Modeling demographic performance of northern spotted owls relative to forest habitat in Oregon
Northern spotted owls (Strix occidentalis caurina) are known to be associated with late-successional forests in the Pacific Northwest of the United States, but the effects of habitat on their demographic performance are relatively unknown. We developed statistical models relating owl survival and productivity to forest cover types within the Roseburg Study Area in the Oregon Coast Range of Oregon, USA. We further combined these demographic parameters using a Leslie-type matrix to obtain an estimate of habitat fitness potential for each owl territory (n = 94). We used mark–recapture methods to develop models for survival and linear mixed models for productivity. We measured forest composition and landscape patterns at 3 landscape scales centered on nest and activity sites within owl territories using an aerial photo-based map and a Geographic Information System (GIS). We also considered additional covariates such as age, sex, and presence of barred owls (Strix varia), and seasonal climate variables (temperature and precipitation) in our models. We used Akaike's Information Criterion (AIC) to rank and compare models. Survival had a quadratic relationship with the amount of late- and mid-seral forests within 1,500 m of nesting centers. Survival also was influenced by the amount of precipitation during the nesting season. Only 16% of the variability in survival was accounted for by our best model, but 85% of this was due to the habitat variable. Reproductive rates fluctuated biennially and were positively related to the amount of edge between late- and mid-seral forests and other habitat classes. Reproductive rates also were influenced by parent age, amount of precipitation during nesting season, and presence of barred owls. Our best model accounted for 84% of the variability in productivity, but only 3% of that was due to the habitat variable. Estimates of habitat fitness potential (which may range from 0 to infinity) for the 94 territories ranged from 0.74 to 1.15 (x̄ = 1.05, SE = 0.07). All but 1 territory had 95% confidence intervals overlapping 1.0, indicating a potentially stable population based on habitat pattern. Our results seem to indicate that while mid- and late-seral forests are important to owls, a mixture of these forest types with younger forest and nonforest may be best for owl survival and reproduction. Our results are consistent with those of researchers in northern California, USA, who used similar methods in their analyses. However, we believe that given the low variability in survival and productivity attributed to habitat, further study is needed to confirm our conclusions before they can be used to guide forest management actions for spotted owls.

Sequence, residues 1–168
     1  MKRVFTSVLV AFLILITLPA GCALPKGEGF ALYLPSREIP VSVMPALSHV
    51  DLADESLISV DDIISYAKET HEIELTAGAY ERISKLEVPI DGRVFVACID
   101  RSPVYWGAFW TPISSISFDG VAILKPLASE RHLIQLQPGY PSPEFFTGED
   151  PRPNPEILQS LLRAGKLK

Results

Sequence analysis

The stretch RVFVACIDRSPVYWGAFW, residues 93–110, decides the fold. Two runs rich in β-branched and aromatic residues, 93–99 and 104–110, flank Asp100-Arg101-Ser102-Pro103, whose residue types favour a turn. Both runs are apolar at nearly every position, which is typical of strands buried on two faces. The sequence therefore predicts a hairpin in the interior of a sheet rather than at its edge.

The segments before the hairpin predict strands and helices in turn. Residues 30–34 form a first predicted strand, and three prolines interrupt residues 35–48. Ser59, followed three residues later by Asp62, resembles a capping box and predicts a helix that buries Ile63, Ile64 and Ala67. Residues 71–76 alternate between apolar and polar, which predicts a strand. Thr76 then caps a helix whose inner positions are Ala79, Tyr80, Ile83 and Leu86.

Additional publication details
|Publication Subtype||Journal Article|
|Title||Modeling demographic performance of northern spotted owls relative to forest habitat in Oregon|
|Series title||Journal of Wildlife Management|
|Publisher||The Wildlife Society|
|Contributing office(s)||Forest and Rangeland Ecosystem Science Center|